Though Sicily may seem like a relaxing oasis, it's really a stressful climate where rogue elements can turn you bloody--whether you have a run-in with the mafia, or you're an orange. New research shows why the Italian blood orange prefers this hostile environment to your backyard. With a little coercion, though, we might someday convince this extra-healthy fruit to move abroad.
A variety of the sweet orange Citrus sinensis, the blood orange has eerie red flesh and is grown most successfully around Sicily. To develop their trademark color, the oranges need to ripen in a climate where the nights are much colder than the days. They're cultivated in a few other places outside of Italy, and their color can be enhanced by storing them in the cold after picking them. But in general, the blood orange is an inflexible character.
The blood orange's pickiness makes it hard to mass produce and get onto grocery store shelves. A team of researchers from the United Kingdom, Italy, and China (where another variety of blood orange grows) set out to find what makes the orange so finicky.
Pigments called anthocyanins give the fruit its gory look. These same pigments are responsible for the deep purplish hues of blueberries, eggplant peels, and Japanese maples. Combing through the blood orange's DNA, the researchers found a gene they named Ruby that turns on the fruit's anthocyanin machinery.
When Ruby is activated, the plant makes anthocyanin and the orange turns red. To demonstrate this, the researchers snuck the Ruby gene into a tobacco plant. Tobacco leaves normally make anthocyanin only in small amounts. But with Ruby added to their genes, tobacco plants cranked up the pigment's production and sprouted reddish leaves.
If Ruby is the foreman who hits the ON button at the anthocyanin factory, he apparently needs a cold snap to get him out of bed--because without cold nighttime temperatures, blood oranges don't turn bloody. The researchers discovered that the element waking Ruby up is a kind of rogue gene called a transposon.
Also called "jumping genes," transposons are chunks of DNA that can hop around a genome and insert themselves wherever they like. At some point in the blood orange's evolution, a tranposon stuck itself right in front of Ruby and became the on-switch for the on-switch.
Ordinarily, the plant suppresses the transposon. It's not a good idea, after all, to let wandering genes start bossing around the rest of your DNA. But transposons often get turned on when plants are stressed. Scientists think this may be a desperate trick plants evolved to use when times are tough: The normal order of business isn't working, so plants set their rogue genes free to see if they have any useful innovations. When blood orange trees are stressed by cold temperatures, they release their hold on the transposon in front of Ruby. The transposon wakes up the factory foreman, and you know the rest.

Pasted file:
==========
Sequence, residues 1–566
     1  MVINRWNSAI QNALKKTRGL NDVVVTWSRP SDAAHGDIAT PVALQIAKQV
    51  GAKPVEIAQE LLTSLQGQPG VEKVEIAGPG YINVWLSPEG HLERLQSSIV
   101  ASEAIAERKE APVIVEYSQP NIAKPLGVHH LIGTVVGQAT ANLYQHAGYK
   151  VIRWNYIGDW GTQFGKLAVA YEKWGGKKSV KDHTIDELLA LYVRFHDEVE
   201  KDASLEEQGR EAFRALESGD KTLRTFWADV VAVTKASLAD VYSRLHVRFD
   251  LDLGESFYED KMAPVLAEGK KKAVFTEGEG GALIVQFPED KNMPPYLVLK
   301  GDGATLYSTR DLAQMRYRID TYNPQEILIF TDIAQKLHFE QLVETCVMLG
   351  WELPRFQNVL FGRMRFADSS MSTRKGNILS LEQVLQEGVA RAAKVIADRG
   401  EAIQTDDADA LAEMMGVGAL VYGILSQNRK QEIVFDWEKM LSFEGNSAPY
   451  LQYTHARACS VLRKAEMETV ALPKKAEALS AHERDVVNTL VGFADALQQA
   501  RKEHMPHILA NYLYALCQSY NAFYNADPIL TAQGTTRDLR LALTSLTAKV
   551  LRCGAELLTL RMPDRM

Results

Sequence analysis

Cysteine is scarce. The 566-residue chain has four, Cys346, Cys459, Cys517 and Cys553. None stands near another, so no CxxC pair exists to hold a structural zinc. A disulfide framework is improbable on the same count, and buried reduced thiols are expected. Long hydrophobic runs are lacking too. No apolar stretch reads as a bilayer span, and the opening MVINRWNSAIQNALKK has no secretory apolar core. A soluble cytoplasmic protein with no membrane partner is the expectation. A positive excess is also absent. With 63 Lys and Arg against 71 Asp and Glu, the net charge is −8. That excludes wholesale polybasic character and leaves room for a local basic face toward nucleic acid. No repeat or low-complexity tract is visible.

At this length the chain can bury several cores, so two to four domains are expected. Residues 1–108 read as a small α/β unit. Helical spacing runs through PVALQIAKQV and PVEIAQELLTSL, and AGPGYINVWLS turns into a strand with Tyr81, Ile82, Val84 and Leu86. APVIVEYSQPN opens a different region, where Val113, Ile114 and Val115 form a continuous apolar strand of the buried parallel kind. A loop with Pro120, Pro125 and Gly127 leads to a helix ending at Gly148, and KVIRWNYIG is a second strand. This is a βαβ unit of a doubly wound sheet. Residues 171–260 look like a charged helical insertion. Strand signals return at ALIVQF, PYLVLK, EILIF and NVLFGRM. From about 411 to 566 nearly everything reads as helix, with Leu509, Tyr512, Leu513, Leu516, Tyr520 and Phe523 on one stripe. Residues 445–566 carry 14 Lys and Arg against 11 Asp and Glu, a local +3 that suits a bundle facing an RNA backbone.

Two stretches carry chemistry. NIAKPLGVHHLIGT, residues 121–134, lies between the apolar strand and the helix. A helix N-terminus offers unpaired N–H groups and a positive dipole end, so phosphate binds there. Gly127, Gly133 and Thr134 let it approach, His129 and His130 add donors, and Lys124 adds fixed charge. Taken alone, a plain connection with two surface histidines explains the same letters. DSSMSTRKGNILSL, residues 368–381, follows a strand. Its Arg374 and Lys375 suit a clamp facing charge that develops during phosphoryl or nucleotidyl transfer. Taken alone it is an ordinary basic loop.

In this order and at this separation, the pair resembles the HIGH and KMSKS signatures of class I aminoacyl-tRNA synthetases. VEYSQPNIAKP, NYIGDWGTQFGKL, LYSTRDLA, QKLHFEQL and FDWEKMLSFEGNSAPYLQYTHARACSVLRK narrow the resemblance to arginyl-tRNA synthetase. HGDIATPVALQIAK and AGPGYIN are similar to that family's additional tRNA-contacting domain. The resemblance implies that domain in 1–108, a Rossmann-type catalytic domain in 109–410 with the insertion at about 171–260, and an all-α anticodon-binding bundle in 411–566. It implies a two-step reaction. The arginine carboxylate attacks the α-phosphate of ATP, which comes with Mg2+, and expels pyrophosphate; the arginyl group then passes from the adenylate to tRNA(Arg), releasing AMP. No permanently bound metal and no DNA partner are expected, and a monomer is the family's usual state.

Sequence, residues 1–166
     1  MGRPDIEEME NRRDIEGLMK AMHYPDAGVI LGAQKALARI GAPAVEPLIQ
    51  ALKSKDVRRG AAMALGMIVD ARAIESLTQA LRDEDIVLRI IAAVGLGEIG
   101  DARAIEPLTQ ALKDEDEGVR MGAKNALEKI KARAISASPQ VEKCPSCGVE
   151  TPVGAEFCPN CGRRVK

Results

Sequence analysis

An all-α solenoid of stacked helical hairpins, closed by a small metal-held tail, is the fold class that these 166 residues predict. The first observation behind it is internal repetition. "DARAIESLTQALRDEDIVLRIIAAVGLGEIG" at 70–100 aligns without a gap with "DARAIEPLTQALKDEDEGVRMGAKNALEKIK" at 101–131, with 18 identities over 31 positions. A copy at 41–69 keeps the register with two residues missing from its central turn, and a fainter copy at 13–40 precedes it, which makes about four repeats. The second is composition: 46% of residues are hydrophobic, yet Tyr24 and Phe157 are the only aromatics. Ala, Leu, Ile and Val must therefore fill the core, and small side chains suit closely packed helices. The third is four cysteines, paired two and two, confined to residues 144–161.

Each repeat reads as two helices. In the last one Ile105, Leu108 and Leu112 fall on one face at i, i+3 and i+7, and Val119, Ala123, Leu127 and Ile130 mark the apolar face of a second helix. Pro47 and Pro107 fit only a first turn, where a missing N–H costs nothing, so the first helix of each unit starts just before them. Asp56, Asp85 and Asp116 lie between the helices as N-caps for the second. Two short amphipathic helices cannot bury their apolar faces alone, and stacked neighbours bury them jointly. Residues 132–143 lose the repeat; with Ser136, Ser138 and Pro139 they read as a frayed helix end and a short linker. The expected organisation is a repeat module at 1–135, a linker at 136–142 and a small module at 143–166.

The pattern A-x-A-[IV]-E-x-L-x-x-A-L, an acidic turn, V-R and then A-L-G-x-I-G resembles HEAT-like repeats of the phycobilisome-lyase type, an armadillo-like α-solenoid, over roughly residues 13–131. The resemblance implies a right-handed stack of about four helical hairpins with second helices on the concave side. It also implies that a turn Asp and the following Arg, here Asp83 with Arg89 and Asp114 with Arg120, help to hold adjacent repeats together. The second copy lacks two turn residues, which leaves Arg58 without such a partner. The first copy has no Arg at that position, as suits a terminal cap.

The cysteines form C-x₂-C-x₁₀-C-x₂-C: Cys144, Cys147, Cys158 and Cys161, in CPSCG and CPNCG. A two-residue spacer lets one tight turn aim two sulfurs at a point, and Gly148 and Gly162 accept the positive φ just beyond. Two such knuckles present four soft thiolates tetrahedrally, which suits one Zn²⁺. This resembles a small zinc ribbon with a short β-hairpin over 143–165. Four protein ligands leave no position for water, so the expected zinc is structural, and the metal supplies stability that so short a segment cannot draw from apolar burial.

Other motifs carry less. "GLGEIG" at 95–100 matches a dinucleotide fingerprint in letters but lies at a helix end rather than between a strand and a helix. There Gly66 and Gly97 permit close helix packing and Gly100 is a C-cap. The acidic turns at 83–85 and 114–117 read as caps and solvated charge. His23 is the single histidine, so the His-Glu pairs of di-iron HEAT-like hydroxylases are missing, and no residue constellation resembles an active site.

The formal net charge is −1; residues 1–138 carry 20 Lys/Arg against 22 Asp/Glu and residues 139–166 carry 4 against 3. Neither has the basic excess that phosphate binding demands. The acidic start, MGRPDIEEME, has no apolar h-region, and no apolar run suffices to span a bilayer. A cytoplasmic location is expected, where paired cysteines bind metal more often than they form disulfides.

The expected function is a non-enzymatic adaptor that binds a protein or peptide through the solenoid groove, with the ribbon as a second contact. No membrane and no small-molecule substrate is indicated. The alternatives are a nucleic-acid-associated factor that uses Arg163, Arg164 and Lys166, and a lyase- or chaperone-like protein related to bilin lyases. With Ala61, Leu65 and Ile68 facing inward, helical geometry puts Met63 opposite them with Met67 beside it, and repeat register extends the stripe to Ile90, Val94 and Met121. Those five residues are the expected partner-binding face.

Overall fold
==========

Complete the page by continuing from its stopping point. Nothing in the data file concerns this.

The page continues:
Now that we've found the secret to making blood oranges bloody, senior author Cathie Martin says genetic engineers could create a new variety that doesn't need the cold at all. Scientists could tweak the orange's genome so that Ruby is active all the time, keeping the pigment factory going in any temperature.
Imagining a job for a task force of tree psychologists, I asked Martin if we could grow unmodified blood orange trees in warm climates and just stress them out some other way. But she said that probably wouldn't work. You also can't create a blood orange by chilling regular "blonde" oranges or orange trees--this particular team of rogue gene and factory foreman is specific to this variety of Citrus sinensis.
Of course, you could always just stick to the fruits that grow easily in your climate. But Martin says blood oranges are even better for us than regular oranges. "There are many examples of...dietary anthocyanins having a beneficial effect on health," she says, "especially for cardiovascular disease and obesity." In mice, blood orange juice (but not regular orange juice) limits weight gain and prevents obesity.
If these pigments are as healthful as they seem--and especially if climate change is going to make the tree's home turf less comfortable--maybe it's worth pursuing a way to get the blood orange out of Sicily.
Butelli, E., Licciardello, C., Zhang, Y., Liu, J., Mackay, S., Bailey, P., Reforgiato-Recupero, G., & Martin, C. (2012). Retrotransposons Control Fruit-Specific, Cold-Dependent Accumulation of Anthocyanins in Blood Oranges THE PLANT CELL ONLINE DOI: 10.1105/tpc.111.095232